The Texas blind salamander is native to Texas, but that’s not all.
More specifically, it is native to the Edwards aquifer in Texas.
More specifically, it is native to the part of the Edwards aquifer in Hays County, Texas.
More specifically, it is native to the part of the Edwards aquifer in the city of San Marcos in Hays County, Texas.
More specifically, it is native to the part of the San Marcos Pool of the Edwards aquifer in the city of San Marcos in Hays County, Texas.
And that’s the problem with certain rare species. The conditions they require for survival are so specific to their needs (having evolved to be a precise fit), that even small changes can push them straight to extinction. Due to how Mexico’s use of water has changed, this is happening with the axolotl (also living in a very specific pool), but it also happens to island species. Sometimes the change is due to something else establishing itself on the island – rats, snakes, pigs, rabbits, frogs/toads, humans, etc. Increasingly, though, it is due to climate change.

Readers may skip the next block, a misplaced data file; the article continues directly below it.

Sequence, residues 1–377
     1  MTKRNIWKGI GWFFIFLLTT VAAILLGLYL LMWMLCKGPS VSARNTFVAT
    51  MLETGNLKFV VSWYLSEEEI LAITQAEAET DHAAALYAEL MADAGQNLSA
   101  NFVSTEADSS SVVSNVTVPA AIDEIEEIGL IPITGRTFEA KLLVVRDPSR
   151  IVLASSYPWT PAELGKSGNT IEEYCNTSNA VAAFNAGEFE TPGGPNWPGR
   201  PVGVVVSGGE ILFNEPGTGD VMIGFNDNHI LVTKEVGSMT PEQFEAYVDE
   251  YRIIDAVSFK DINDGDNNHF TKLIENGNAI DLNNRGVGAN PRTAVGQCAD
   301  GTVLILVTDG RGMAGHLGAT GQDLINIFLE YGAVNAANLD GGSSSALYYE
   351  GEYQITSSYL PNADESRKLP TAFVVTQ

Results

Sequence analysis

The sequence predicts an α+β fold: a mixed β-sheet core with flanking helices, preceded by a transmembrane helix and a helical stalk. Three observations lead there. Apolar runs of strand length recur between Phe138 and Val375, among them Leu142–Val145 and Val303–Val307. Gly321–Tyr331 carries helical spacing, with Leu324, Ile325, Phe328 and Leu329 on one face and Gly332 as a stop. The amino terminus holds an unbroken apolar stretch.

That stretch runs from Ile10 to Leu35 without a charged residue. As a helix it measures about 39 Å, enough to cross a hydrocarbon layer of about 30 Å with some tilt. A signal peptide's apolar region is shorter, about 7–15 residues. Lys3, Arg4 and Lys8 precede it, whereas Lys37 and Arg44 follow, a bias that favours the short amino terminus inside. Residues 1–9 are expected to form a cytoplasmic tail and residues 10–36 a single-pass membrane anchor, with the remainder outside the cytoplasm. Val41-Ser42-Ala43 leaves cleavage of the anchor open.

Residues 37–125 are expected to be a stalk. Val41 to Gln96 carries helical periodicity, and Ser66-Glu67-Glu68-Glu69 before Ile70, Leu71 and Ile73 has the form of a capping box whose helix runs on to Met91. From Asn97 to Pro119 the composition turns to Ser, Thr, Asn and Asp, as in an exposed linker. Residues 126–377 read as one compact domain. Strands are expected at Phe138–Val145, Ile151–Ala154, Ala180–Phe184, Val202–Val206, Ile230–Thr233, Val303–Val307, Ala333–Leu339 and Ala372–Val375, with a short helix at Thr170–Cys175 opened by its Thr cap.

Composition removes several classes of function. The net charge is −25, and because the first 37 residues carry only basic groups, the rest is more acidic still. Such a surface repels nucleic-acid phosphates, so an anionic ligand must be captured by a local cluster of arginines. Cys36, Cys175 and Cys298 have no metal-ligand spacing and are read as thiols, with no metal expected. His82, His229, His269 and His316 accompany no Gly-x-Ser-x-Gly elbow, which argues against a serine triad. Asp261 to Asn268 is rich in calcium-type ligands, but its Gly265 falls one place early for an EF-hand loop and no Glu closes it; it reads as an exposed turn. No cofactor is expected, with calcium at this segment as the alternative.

We like to think that as the climate changes, animals will just move, but that’s not an option for everyone. Animals can become trapped in “survival pockets”, like actual islands, the tops of mountains, areas of land surrounded by mountains, peninsulas, etc. As the planet warms, survival zones shrink and species are condensed into these smaller pockets, competing for fewer and fewer resources.
Eventually, there simply won’t be enough resources and the species will adapt or die out. There’s nothing wrong this, as this is the way the world has always been. The different is that, today, change is coming faster than ever before … and adaptation takes time. This is why the sixth extinction is such a big deal. As the planet changes, we will be seeing increasing losses of biodiversity in all sorts of places. Sure, we can survive some of them, but the web of interactions between species is amazingly complex and we have no way to know which losses will hurt our own species.
I am not so naive as to think that everyone could share the interest I have in rare species. However, I am constantly surprised at how few people prioritize long term survival of our own species over short term financial gain. Maybe the species that supplants our own will be somewhat wiser.